Dakine

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« Reply #66 on: November 11, 2006, 04:09:29 PM »
Quote from: FELINEGUITARS
Quote from: Dakine
Quote from: sambo
:lol: or a cheap Ibanez Jem copy...

and anyway id rather live in a soft country than a place where people's 'security systems' require ammunition...


You are welcome to your country where the youth are better armed than Law Enforcement. Where Law Enforcement is so stifled by liberals they have little to no power. Where polls say the adult population in general is in fear of the youth. Where punishment is either non-exsistant to farcical.

I shitee you not ladies and gentlemen! It's fecked!

Rock/Metal comes from ANGST! What have the youth today got to have angst about? Benefits, crime with no punishment etc. Thats WHY it's gone all soft.

:


How would Judas Priest write "Breakin the law" in this day and age???

Most good UK Heavy Metal came from the industrial heartlands and was usually a working class thing.
It appealed to young people who understood the angst and attitude of where it came from- even the escapism of sword and sorcery stuff.

Most of today's kids relate more to Mike Skinner (The streets), or artists that relate to sitting at home playing computer games, smoking drugs, stealing or joining gangs. Folks on this forum dont count as they have an interest in guitars and guitar based music.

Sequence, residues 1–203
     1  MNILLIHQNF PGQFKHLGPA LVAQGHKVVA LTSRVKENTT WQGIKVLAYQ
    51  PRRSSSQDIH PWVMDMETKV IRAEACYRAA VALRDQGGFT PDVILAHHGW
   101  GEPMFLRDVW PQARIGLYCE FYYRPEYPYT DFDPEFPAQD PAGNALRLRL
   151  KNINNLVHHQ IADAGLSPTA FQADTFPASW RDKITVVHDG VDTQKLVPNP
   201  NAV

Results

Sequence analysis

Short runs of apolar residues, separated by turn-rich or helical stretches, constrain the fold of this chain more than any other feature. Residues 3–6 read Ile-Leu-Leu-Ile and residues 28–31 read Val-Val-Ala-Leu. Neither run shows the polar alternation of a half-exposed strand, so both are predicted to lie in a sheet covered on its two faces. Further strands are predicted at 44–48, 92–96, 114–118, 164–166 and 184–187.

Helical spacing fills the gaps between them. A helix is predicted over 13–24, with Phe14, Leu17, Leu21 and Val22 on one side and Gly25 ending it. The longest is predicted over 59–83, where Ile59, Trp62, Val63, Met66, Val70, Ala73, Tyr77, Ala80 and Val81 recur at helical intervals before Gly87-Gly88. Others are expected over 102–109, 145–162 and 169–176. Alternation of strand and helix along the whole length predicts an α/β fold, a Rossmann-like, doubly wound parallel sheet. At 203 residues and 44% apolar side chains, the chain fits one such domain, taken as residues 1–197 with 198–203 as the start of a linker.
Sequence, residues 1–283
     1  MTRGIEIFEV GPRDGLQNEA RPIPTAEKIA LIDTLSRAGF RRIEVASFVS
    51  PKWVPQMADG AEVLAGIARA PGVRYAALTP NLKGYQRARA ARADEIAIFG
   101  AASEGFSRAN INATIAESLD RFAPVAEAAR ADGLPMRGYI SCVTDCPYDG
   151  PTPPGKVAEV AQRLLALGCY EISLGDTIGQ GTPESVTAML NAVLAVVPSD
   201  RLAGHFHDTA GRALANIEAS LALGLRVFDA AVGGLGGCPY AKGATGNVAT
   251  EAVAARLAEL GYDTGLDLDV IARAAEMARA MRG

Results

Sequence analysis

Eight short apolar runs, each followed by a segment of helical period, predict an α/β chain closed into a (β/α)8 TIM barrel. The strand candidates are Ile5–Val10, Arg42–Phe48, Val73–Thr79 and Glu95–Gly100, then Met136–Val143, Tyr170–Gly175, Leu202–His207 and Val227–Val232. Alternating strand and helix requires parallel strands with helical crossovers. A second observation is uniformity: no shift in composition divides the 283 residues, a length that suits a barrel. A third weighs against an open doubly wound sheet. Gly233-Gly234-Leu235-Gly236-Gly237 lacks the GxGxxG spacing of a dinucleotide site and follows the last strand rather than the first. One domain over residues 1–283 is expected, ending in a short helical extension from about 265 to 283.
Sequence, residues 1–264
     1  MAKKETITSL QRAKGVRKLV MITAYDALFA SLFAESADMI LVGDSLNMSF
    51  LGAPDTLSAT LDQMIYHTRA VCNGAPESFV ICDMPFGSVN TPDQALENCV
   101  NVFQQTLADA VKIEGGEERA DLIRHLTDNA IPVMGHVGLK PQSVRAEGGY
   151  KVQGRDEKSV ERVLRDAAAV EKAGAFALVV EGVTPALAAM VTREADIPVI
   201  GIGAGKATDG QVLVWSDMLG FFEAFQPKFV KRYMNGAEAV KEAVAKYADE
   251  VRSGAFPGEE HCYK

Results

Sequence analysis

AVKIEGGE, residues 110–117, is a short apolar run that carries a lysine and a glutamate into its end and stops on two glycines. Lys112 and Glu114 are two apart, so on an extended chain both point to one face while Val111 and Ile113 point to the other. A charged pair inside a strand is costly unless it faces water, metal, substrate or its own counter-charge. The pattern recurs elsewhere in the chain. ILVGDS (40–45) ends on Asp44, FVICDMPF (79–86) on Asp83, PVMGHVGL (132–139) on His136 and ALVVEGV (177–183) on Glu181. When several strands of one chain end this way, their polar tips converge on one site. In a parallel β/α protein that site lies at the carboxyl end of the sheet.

But this country and its media do by and large ignore UK Heavy Metal/hard rock - almost as if it was dressed up in Union Jacks and represented unsavory things like the BNP.

Also so many UK bands are so hell bend on copying USA bands that they just look like pale imitations rather than something unique. Any bands that do their own thing stand out a mile - maybe like Muse.

This country has produced some class bands that have been discussed on this forum, that simply did not get the chance to break big - Thunder, Gun, Little Angels, Dirty Deeds, Kick,Jagged Edge/Skin, Panama, Hurricane Party/Roadstar (i rather like them).

Whether that is because we dont go out to see small bands anymore, that venues will only book tribute bands, or that the record industry simply isnt interested to promoting anything that isnt manufactured like a Boy band, I dont know.


Agree wholeheartedly.
When in my youth I went to small clubs/Uni's to see Thunder, Quireboys,Gun, Tokyo Blade/Shogun, Rogue Male etc., but thus far am not seeing the like anymore (again been Over Da Pond awhile).
In short, it saddens my soul :(
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FELINEGUITARS

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« Reply #67 on: November 11, 2006, 04:52:11 PM »